“Don’t you ever quote that man! He has told thousands of lies over the years and hundreds of thousands of Americans are dying because of his stupidity and his lies. Please don’t!”

She paused for all of three seconds before starting up again about masks, but she had the good sense not to mention Trump again. I went back to the workshop to watch them do the wheel alignment on my van and then I stood in the rain.

I couldn’t believe I’d come across a person who not only believed Donald Trump, but also thought she could quote him as if he was a reliable source of information. Obviously my friends, colleagues and family know better, and I had assumed that middle-class, educated South Africa knew better too, but they clearly don’t.

As I stood in the cooling summer drizzle, I felt bad about not trying to get her to see reason, about not trying to make her understand how she was being manipulated by conservative conspiracy theorists, about not trying to educate her about news sources and why she couldn’t trust groups on Facebook or right-wing news outlets like Fox News. Even though I knew she wouldn’t listen to me, or give me much of a chance to speak, I felt bad about not trying and I still do.

I didn’t venture back into the waiting area. As I was leaving, the guy ran up to me to say:

“Jeez, what a nutter! That woman is mad. Please don’t think we’re all like that.”

As I drove off and immediately appreciated how grippy my new tyres were in the wet, I wondered who he was referring to when he said “we” – white people, senior citizens, the middle class, South Africans, tyre customers? DM168

Sukasha Singh is the production editor of DM168.

This story first appeared in our weekly Daily Maverick 168 newspaper which is available for free to Pick n Pay Smart Shoppers at these Pick n Pay stores.

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All Comments 6

  • All information is subjective, and if we fall into the trap of thinking “they are wrong we are right” , this is a societal problem. Religion, science, politics..these schools all think they know better. If one fall into one of these or any category and has an opinion, then it may be beneficial to think again. The new world needs new ways to see. We all need to cast off the chains of thought we inherit and look anew.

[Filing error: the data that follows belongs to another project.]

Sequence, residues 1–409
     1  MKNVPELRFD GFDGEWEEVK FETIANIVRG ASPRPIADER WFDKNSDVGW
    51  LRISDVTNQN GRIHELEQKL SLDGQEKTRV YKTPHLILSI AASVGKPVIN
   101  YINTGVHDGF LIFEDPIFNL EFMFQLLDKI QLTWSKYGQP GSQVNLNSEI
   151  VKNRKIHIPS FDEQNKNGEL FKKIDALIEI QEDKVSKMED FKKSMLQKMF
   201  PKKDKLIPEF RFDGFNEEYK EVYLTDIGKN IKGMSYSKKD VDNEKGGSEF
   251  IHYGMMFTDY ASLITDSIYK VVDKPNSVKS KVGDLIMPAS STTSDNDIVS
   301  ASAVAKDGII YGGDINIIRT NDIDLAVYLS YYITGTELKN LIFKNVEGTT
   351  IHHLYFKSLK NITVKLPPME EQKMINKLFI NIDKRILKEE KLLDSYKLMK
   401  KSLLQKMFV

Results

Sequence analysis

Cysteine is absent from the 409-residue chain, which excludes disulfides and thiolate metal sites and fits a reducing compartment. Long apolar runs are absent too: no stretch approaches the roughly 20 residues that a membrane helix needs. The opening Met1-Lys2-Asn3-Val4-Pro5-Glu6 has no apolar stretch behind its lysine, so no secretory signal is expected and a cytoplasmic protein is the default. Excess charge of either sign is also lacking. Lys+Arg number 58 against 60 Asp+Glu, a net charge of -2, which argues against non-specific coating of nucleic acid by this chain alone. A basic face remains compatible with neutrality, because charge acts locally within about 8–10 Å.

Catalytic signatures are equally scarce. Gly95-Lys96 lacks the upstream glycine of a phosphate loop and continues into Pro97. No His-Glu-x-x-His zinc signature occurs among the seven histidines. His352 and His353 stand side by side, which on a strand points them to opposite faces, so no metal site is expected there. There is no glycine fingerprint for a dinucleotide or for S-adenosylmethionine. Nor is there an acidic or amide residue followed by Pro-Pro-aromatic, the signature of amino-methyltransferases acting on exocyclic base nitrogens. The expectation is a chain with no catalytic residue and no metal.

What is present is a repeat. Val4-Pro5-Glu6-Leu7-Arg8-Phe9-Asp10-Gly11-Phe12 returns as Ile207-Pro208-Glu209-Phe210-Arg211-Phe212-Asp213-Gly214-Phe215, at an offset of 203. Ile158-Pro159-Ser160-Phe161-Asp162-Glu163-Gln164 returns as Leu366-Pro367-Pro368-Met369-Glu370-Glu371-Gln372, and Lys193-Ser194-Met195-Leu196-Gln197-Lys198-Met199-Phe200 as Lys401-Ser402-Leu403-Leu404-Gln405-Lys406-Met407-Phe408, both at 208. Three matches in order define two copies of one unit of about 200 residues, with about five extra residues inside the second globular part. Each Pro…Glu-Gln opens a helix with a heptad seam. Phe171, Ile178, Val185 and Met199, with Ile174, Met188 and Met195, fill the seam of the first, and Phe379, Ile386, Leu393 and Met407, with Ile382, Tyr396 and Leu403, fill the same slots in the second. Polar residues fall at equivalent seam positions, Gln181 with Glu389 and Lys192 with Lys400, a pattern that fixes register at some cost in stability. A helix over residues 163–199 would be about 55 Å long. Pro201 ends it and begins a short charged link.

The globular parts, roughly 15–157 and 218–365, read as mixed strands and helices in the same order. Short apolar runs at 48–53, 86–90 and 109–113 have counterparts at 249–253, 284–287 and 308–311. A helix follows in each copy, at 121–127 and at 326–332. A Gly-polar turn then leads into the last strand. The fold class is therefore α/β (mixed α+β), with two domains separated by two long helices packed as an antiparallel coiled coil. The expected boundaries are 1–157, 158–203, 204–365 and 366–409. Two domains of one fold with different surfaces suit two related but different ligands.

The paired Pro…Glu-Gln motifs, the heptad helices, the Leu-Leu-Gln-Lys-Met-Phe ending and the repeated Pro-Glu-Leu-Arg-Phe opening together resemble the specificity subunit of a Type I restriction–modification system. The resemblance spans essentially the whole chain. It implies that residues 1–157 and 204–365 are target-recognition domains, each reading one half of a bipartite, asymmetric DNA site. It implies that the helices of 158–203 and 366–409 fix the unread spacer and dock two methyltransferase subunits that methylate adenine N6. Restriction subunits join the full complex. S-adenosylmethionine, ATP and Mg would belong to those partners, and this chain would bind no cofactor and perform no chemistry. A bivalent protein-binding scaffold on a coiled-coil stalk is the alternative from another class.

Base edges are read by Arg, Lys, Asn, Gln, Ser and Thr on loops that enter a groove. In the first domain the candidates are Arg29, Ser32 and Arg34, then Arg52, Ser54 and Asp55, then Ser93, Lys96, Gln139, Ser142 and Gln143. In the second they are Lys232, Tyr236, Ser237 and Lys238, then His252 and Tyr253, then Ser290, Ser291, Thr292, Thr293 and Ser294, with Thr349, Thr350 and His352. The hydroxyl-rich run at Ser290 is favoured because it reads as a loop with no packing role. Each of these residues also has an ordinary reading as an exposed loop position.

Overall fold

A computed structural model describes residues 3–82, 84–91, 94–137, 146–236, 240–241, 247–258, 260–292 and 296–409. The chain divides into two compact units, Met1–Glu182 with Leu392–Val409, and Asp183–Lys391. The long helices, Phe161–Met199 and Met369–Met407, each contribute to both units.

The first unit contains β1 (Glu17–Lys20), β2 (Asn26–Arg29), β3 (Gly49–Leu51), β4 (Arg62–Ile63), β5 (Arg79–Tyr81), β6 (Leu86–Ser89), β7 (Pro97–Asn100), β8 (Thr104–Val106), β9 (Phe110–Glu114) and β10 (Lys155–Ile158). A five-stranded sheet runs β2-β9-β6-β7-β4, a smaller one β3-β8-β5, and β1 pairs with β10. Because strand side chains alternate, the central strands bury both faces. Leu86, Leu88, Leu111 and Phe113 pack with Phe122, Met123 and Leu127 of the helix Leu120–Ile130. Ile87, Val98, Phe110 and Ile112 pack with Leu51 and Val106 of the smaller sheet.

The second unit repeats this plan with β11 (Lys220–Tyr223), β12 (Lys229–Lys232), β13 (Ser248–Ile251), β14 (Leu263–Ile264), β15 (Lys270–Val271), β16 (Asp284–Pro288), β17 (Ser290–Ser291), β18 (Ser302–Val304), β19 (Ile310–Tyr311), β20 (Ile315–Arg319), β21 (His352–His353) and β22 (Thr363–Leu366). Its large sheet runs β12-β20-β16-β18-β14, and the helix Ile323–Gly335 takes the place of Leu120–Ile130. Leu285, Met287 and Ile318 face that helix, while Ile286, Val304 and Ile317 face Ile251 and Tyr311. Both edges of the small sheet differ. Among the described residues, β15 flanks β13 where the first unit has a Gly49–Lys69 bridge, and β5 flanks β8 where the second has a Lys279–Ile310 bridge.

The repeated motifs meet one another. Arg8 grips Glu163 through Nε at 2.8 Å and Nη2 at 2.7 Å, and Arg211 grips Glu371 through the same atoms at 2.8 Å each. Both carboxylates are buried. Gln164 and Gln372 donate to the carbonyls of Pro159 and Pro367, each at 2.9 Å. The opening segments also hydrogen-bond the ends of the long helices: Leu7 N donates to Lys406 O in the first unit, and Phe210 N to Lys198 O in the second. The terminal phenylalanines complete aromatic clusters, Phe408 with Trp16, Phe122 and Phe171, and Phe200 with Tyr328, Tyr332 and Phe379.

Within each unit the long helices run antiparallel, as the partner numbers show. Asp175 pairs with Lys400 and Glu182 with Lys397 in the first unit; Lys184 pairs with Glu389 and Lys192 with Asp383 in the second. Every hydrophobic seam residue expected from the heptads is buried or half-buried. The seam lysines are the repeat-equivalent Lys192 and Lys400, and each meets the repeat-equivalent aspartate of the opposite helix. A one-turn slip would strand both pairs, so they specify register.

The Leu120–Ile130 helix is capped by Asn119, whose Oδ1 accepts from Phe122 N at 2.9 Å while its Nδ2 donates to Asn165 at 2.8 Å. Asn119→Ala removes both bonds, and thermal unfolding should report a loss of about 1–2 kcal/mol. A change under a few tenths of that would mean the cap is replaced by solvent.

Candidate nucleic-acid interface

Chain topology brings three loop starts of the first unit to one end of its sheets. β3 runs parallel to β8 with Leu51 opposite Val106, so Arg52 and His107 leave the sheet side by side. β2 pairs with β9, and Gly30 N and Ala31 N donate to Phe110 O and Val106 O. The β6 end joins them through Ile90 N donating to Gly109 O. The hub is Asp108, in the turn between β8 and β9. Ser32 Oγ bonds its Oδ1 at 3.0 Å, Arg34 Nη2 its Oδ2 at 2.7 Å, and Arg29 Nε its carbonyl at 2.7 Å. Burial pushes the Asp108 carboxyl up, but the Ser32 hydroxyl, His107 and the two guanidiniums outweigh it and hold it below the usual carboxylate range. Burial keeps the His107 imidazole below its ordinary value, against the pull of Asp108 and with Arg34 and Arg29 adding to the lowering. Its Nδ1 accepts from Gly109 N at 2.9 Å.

• Once again DM allows any comment – provided it is anti-Trump. The author rails about the comments of some random woman, yet he is quoted as saying “Hundreds of thousands of Americans are dying because of his stupidity and lies”, which about puts him on par with the dilly lady. Problem is:- She can be dismissed, but he is an opinion former at DM

    • It appears that you got a problem with blaming Trump for thousands of unnecessary deaths. Don’t you realise that his incompetence is the reason that the US is the “world leader” in Covid infections and deaths?

      • Prejudice is not a substitute for knowledge. In the USA, health is largely a STATE competence, and Democratic Party-led California is one of the worst affected. Trump’s policies may well have been imperfect, but to blame him for hundreds of thousands of deaths indicates a firmly shut mind.

        • So … can we conclude that during the election build-up, the numerous super spreader rallies (with almost no one wearing masks), both against the advice and recommendation of his own CDC, in his desperate attempts to hold onto the presidency, were just an illusion or a media creation ? ‘Imperfect’ is not the ONLY word I would use to describe the approach ! maybe you can help me find another … or possibly several . While you are about it, think about the “… MAY well have… ” also please. Apologies for my capitals emphasis.